Australia remains out of step with the rest of the world when it comes to climate change and it seems the country’s lawmakers are non-apologetic about their apathy.
Prime Minister Tony Abbott will not be attending the Global Climate Change summit in New York. He, along with leaders from Asian countries, has ignored the UN’s pleas to get world leaders together to debate issues surrounding climate change.
While there is international pressure on Australia to get serious about climate change the Abbott government has made Australia the first country to repeal a carbon tax. While the government offered a consolation prize by planning to cut emissions, the policy is still in limbo at Senate level with little political support.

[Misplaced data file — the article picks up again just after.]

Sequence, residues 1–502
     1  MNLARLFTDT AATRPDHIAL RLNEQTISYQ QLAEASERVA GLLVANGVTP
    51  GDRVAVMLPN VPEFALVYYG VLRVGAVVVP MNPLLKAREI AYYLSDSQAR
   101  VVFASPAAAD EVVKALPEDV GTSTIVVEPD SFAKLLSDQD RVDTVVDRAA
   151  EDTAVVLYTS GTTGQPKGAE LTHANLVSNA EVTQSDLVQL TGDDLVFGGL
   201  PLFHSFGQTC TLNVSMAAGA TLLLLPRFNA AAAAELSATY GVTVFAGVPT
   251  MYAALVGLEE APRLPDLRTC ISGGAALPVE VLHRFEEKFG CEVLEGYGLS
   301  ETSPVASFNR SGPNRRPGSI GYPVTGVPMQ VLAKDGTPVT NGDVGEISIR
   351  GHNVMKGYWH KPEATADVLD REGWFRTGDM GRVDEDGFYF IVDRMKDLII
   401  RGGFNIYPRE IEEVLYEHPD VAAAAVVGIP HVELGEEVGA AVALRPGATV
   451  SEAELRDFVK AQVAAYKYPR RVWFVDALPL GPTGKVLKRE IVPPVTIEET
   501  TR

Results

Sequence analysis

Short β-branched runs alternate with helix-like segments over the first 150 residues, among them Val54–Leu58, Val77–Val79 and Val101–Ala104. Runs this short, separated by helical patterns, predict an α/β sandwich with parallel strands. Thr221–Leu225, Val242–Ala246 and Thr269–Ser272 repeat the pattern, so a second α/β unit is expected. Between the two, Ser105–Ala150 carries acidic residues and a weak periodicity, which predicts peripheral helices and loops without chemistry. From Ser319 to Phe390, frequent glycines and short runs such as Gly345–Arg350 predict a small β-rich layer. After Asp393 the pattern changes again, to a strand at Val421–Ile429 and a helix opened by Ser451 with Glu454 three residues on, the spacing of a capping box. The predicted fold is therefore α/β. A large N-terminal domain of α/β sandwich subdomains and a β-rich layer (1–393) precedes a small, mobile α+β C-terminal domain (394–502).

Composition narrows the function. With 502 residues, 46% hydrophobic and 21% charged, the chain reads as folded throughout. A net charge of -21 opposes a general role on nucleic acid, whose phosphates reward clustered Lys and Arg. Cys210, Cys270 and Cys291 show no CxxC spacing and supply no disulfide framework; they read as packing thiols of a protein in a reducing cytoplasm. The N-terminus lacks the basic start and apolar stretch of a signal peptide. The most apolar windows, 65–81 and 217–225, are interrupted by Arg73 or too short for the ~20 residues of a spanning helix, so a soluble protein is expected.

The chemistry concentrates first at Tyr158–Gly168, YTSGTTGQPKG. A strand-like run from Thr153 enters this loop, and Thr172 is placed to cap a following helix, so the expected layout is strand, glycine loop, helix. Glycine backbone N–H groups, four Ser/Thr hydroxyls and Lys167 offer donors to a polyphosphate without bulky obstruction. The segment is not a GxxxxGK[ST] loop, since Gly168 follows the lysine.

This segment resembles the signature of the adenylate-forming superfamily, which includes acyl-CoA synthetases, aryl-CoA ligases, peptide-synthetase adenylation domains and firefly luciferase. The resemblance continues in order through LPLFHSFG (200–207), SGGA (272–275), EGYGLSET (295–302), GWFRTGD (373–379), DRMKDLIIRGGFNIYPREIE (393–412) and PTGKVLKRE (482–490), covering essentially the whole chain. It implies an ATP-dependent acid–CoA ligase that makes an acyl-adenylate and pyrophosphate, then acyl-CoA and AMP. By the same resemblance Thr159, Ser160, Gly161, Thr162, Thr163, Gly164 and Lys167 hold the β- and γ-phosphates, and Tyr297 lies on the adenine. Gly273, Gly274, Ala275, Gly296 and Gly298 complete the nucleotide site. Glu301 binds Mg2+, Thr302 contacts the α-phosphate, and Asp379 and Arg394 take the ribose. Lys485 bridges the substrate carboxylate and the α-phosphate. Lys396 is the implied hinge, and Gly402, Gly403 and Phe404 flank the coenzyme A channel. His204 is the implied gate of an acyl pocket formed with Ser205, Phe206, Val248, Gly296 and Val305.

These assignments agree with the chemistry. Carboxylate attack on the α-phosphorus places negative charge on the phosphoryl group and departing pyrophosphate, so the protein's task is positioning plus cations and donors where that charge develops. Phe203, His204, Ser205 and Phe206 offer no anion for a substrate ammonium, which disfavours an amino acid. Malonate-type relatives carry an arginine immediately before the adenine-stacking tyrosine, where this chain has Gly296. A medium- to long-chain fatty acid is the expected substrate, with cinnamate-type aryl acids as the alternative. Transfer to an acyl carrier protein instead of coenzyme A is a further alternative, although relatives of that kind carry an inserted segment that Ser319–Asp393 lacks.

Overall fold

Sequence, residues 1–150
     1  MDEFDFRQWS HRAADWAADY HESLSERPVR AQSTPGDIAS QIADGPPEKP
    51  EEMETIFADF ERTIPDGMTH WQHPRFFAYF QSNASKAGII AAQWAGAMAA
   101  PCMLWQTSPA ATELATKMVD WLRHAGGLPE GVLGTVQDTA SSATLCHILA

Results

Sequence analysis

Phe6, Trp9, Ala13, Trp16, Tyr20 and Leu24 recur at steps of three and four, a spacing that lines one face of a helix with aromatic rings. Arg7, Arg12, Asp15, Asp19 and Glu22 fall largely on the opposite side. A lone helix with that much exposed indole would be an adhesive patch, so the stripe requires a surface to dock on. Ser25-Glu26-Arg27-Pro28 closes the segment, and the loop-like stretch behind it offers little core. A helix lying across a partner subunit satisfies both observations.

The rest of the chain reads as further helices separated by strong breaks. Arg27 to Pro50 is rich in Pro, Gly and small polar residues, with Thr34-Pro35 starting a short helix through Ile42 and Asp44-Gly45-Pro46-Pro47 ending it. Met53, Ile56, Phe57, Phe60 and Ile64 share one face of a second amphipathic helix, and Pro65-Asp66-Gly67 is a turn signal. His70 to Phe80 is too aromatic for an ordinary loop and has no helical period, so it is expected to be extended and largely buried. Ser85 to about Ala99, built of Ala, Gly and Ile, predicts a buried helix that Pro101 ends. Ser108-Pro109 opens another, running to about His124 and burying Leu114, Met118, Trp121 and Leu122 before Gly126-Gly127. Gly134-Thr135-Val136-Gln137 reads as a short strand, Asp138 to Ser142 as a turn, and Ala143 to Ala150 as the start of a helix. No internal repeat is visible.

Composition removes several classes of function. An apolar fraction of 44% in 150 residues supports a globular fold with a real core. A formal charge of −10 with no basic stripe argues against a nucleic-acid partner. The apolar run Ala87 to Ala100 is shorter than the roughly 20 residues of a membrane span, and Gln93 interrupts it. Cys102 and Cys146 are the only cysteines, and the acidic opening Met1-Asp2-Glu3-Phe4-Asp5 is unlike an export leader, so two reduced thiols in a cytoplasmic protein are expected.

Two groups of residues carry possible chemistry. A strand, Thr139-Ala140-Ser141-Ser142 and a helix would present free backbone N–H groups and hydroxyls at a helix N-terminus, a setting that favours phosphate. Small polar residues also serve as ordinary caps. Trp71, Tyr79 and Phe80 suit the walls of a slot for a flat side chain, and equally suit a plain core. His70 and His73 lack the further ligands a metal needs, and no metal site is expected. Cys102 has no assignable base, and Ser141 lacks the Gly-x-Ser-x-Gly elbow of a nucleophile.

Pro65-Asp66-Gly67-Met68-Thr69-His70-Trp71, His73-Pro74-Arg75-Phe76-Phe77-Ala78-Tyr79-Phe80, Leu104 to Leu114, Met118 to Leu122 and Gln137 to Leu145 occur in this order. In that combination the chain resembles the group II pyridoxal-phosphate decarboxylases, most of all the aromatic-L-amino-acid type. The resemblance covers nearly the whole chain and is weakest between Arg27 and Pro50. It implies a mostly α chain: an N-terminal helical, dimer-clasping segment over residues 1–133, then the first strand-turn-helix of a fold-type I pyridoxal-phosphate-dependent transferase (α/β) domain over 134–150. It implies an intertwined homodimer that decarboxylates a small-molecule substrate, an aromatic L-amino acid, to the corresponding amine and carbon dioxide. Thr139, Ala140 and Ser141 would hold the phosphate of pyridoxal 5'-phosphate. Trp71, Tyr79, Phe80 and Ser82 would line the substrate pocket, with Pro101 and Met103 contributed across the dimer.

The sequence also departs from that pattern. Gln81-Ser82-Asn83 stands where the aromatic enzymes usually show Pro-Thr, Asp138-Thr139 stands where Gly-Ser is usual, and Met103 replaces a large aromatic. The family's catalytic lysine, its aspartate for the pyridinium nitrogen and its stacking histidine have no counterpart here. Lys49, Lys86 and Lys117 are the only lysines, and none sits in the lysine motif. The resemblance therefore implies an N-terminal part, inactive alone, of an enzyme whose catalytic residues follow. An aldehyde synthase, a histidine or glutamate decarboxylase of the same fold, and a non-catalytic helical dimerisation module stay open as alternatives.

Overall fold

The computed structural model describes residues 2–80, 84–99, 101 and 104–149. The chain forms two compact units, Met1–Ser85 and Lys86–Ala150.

Last week the World Bank released a statement signed by 73 countries and about 1000 businesses and investors – all in support of carbon pricing. While countries like China, Indonesia and Britain were among the signatories Australia was peculiarly absent – yet again.
While Australia isn’t saying it is against the summit, it is thought that the country won’t contribute much towards achieving the summit’s end goals. This is supported by the fact that Prime Minister Tony Abbott did not turn up for the event.
Although he sent Foreign Minister Julie Bishop to represent Australia at the talks, she will be attending the summit without confirmation on Australia’s plans to address neither climate change nor how the country plans to proceed with the proposed efforts to reduce carbon emissions further than the paltry attempt languishing at Senate.
Instead Bishop is coming to the table by offering an Asia-Pacific rainforest conference scheduled for November.
Some believe that these issues shines a big (non-energy efficient light) on a government that seems to view climate change as little more than an annoying little problem of international relations.